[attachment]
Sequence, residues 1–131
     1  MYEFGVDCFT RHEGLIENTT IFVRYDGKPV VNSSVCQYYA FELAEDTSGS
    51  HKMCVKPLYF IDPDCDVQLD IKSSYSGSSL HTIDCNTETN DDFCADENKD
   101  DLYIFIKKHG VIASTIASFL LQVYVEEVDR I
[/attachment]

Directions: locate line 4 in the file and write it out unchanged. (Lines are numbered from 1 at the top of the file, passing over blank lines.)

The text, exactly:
   101  DLYIFIKKHG VIASTIASFL LQVYVEEVDR I